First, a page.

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Dementia Risk Does Not Increase With PPI Use

January 06, 2020

Proton-pump inhibitor (PPI) use does not increase dementia risk, according to findings of a new systematic review and meta-analysis.

“Long-term use of PPIs has been associated with a wide variety of potentially serious adverse effects, including a possible increased risk of dementia. Studies evaluating this association have reached divergent conclusions,” the researchers wrote. “We aimed to evaluate this proposed association further and to assess the quality of the evidence in its support.”

The review authors searched the MEDLINE, Embase, Web of Science, and Cochrane Library databases up to February 2019 for studies on the association between PPI use and dementia. Most of the studies that the authors identified and included were short-term, ranging from 5 to 10 years.

In all, the researchers analyzed data from 11 observational studies that comprised 642,949 participants—158,954 of whom were PPI users and 483,995 of whom were not.

Among the studies that had data summarized as adjusted hazard ratio (HR), the pooled HR was 1.10 (95% CI, 0.88-1.37) for all causes of dementia and 1.06 (95% CI, 0.72-1.55) for Alzheimer dementia only.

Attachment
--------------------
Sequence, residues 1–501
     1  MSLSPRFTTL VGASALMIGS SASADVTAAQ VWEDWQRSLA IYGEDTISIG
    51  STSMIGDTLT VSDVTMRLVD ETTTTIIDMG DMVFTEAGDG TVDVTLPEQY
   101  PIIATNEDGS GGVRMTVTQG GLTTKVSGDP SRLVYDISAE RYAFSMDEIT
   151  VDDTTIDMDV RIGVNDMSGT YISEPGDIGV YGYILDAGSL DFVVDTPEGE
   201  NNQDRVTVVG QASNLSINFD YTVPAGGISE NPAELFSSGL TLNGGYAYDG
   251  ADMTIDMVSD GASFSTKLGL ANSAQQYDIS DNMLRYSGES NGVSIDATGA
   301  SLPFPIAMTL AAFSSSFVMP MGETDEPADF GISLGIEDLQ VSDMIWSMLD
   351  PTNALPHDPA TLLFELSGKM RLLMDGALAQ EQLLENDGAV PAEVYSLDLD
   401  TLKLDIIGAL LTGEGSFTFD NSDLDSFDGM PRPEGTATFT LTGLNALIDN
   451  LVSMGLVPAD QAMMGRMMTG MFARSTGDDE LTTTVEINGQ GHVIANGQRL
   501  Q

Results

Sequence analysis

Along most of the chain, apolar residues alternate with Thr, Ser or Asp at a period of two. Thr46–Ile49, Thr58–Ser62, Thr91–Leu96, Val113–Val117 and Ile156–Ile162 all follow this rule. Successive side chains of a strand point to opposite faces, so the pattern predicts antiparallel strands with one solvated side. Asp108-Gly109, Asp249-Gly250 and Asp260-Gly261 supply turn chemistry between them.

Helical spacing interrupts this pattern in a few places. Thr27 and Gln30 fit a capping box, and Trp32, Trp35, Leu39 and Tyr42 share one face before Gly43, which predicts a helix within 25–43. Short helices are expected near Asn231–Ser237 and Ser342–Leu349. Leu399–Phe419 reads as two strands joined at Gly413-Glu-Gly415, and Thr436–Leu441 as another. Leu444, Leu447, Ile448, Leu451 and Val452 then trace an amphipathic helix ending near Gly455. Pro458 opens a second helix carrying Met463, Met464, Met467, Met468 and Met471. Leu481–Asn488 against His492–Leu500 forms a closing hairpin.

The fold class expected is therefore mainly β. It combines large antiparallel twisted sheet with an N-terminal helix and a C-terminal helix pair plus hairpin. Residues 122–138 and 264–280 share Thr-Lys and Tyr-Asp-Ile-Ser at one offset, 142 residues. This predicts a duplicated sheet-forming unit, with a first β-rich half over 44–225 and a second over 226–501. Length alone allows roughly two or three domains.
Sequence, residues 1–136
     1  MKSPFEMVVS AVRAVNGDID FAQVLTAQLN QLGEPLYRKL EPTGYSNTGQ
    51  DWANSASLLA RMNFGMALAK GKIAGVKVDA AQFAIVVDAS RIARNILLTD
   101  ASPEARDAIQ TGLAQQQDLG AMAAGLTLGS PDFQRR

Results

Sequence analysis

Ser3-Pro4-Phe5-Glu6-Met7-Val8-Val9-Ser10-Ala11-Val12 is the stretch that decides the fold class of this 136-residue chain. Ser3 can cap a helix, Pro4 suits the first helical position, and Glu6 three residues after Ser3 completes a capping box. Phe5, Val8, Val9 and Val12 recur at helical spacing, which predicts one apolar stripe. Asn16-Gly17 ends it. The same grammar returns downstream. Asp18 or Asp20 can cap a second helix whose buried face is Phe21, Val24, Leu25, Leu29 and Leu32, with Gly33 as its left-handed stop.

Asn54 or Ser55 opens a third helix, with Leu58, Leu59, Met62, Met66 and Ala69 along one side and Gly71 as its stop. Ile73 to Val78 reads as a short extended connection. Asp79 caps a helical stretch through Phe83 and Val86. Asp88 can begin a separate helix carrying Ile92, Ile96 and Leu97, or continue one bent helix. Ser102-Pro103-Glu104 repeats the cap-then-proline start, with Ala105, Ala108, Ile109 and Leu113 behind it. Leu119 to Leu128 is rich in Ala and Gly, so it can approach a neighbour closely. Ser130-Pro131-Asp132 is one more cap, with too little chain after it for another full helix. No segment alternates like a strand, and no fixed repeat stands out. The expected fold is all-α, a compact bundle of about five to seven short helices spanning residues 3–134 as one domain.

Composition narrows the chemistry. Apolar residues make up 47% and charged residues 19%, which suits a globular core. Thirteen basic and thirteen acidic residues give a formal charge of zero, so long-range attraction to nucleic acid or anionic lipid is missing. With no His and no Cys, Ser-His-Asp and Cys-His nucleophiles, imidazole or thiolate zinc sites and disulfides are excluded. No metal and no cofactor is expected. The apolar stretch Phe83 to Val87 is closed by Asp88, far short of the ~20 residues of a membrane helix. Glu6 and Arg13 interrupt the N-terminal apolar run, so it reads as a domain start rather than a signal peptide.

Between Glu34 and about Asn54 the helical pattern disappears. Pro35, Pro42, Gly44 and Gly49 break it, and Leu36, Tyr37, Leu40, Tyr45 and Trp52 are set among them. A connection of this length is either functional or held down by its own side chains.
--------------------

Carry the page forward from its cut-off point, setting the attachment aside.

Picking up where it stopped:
Among the studies that had data summarized as adjusted odds ratio (OR), the pooled OR was 1.03 (95% CI, 0.84-1.25) for all causes of dementia and 0.96 (95% CI, 0.82-1.11) for Alzheimer dementia only.

Using the Newcastle-Ottawa scale, the review authors determined that 10 studies were of high quality and 1 was of moderate quality. And by applying GRADE methodology, they found the quality of evidence for both outcomes to be very low.

“We found no evidence to support the proposed association between PPI use and an increased risk of dementia,” the researchers concluded. “PPI use among patients who have a valid indication for it, should not be curtailed because of concerns about dementia risk.”

—Colleen Murphy


Khan MA, Yuan Y, Iqbal U, et al. No association linking short-term proton pump inhibitor use to dementia: systematic review and meta-analysis of observational studies [published online January 2, 2020]. Am J Gastroenterol. doi:10.14309/ajg.0000000000000500.

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